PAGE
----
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Faith & Family: Churches celebrate Easter uniquely

NATCHEZ — With churches in the Miss-Lou closed due to COVID-19, pastors are finding ways to still meet with their congregations on Easter Sunday.

Rev. Troy Thomas, pastor of Bethel Church in Vidalia, said he is having a parking lot Easter service at 11 a.m. on Sunday at El Ranchero restaurant, 1619 Carter St., Vidalia.

“Some people are very skittish of coming into the building with the outbreak of the coronavirus,” Thomas said. “If they stay in their car, then they have some distancing between them and the other people, so they don’t have to be so fearful. That’s one reason that we did it like that. Our members shouldn’t have any fear coming in contact with the virus with a service like we’re providing.”

For the service, Thomas said he is planning to cut his sermon in half, having his assistant share in preaching, have the children’s choir sing and have the gospel dancers dance.

If there is rain in the forecast, Thomas said he’s going to move the service to Bethel Church’s parking lot.

“We’re willing to sacrifice our comfort and minister to people wherever they are in spite of their fears,” Thomas said. “If people have fear of coming to the building, then let’s make the service more powerful.”

Churches creating videos

First Baptist Church and Jefferson Street United Methodist Church each have created videos for their congregation for Easter services.

Matt Martin, associate pastor of discipleship and young adults at First Baptist Church in Natchez, said he has been providing the congregation with pre-recorded church services from last year.

“Since it’s Easter, we chose to do something that was pre-recorded a year ago just so people could see each other in the congregation,” Martin said. “It’s definitely different and it’s certainly not an ideal circumstance. We all miss being with each other especially on the most important day of the year being Easter.”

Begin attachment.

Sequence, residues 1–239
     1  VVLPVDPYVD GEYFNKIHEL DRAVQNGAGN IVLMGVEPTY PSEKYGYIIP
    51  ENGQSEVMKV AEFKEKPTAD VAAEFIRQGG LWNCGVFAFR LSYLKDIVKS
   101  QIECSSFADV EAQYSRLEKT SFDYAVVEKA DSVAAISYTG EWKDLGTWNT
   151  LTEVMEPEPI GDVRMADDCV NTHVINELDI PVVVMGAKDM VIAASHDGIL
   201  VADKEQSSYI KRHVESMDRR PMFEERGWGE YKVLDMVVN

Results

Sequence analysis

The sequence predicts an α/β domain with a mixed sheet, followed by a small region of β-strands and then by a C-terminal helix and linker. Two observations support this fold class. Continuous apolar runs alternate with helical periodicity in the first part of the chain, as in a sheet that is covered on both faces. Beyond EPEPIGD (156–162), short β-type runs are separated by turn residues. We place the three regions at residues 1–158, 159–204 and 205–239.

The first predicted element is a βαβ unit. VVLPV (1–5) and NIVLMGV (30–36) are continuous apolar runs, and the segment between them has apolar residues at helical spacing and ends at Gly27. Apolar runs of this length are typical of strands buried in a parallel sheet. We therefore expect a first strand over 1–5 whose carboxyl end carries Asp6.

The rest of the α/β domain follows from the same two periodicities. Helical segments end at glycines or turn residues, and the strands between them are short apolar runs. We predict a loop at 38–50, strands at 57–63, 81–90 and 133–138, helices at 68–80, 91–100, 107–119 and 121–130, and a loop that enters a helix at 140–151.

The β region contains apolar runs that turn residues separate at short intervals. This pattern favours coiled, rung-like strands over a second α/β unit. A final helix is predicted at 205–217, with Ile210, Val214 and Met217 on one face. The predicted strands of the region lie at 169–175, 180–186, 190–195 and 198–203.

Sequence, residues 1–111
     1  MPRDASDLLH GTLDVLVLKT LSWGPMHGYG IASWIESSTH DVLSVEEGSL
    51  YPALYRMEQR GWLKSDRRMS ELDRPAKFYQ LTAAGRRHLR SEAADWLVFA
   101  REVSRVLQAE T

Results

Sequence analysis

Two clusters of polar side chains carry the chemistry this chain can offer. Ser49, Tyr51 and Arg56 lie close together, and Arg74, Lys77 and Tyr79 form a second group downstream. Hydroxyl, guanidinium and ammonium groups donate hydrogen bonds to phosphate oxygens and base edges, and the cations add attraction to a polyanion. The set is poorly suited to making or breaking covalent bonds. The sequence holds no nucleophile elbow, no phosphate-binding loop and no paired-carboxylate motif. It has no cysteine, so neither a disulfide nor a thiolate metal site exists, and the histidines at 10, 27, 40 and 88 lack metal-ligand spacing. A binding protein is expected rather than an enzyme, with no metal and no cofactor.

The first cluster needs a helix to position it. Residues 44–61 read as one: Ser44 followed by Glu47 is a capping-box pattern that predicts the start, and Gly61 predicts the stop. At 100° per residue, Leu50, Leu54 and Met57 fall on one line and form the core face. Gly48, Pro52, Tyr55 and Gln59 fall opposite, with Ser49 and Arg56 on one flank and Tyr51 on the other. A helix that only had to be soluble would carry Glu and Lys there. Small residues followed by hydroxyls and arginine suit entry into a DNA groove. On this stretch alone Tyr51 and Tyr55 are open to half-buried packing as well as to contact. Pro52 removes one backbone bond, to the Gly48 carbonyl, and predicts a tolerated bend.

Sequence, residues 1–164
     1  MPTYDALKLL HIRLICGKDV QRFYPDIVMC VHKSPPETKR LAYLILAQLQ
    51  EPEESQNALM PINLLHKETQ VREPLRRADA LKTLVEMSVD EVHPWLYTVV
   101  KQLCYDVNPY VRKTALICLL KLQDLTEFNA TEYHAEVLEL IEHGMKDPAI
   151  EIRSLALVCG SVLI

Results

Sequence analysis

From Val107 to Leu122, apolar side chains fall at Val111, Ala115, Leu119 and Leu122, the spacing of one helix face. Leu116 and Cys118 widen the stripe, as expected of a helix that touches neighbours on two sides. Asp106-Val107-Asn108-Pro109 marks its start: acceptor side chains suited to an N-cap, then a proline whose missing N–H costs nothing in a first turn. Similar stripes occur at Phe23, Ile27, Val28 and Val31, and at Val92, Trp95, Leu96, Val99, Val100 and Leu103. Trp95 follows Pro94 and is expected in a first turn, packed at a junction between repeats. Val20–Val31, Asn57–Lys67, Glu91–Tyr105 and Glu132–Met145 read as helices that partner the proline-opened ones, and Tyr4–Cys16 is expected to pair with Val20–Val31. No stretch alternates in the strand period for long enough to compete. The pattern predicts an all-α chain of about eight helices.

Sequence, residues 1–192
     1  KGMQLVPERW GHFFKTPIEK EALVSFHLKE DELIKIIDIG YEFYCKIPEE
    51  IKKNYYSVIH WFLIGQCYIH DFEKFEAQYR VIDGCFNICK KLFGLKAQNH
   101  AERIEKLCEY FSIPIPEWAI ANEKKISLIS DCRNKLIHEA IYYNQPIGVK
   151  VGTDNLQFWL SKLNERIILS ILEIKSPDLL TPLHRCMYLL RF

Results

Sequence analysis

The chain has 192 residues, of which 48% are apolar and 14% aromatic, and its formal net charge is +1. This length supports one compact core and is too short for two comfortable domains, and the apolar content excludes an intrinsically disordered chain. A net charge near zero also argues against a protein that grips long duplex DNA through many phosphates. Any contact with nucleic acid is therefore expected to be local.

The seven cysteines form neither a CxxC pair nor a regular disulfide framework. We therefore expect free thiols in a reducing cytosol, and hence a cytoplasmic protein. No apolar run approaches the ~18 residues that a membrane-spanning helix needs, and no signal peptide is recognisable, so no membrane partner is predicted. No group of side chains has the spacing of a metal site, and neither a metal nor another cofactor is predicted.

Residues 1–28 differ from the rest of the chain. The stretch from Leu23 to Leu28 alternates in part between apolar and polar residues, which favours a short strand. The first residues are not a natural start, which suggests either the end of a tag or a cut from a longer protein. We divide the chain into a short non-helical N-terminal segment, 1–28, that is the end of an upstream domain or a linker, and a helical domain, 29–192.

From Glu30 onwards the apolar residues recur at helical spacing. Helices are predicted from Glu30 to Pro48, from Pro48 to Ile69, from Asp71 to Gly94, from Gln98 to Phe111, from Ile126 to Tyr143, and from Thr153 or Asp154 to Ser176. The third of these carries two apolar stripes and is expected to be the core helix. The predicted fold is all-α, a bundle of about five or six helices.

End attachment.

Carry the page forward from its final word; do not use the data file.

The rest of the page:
The Rev. Bill Barksdale, pastor of Jefferson Street United Methodist Church, will make a 30-minute video for his congregation to enjoy.

“I’m pretty excited about it, because all of the components have come together nicely,” Barksdale said. “We will have our new organist, Kathy Rogillio playing traditional Easter hymns and I’ve layered in the lyrics with one of our staff members singing.”

The video for Jefferson Street United Methodist Church will be available for church members via email and Vimeo.

“Of course I’m disappointed at not being able to offer an in-person Easter service, our youth had planned to do their traditional dramatic presentation of uncovering the cross and altar from Maundy Thursday to the joyous colors of Easter morning,” Barksdale said. “The most important thing right now is public health and safety, and though a photo outside the church seemed innocent enough, it might tempt folks to go other places.”

Churches using Facebook Live

St. Mary Basilica, Zion Chapel African Methodist Episcopal Church and Pilgrim Missionary Baptist Church all are continuing with their Facebook Live streams to reach their congregations.

The Rev. Scott Thomas said he doesn’t like using Facebook Live without his congregation inside St. Mary Basilica.

“I miss everybody,” Thomas said. “The holy Mass is a beautiful thing but it’s getting old and tiring doing it with empty pews. Jesus is still in it and the Mass is the most important thing that we do.”

The Rev. Birdon Mitchell Jr., pastor of Zion Chapel AME Church, said that while some pastors do not like Facebook Live, he has seen an increase of viewers for his church services.

“It’s going to be the best that we can do since we can’t assemble together in the church, and I think our people understand what’s happening,” Mitchell said.

Rev. Melvin White, pastor of Pilgrim Missionary Baptist Church, uses Facebook Live for his services and a prayer line on Wednesday nights to keep in touch with his congregation.

“It’s going to be really hard not being able to see my congregation in person on Sunday,” White said. “By offering Facebook Live and the prayer line, we’re letting them know that we do miss them, and we’re looking forward to seeing them in person once again.”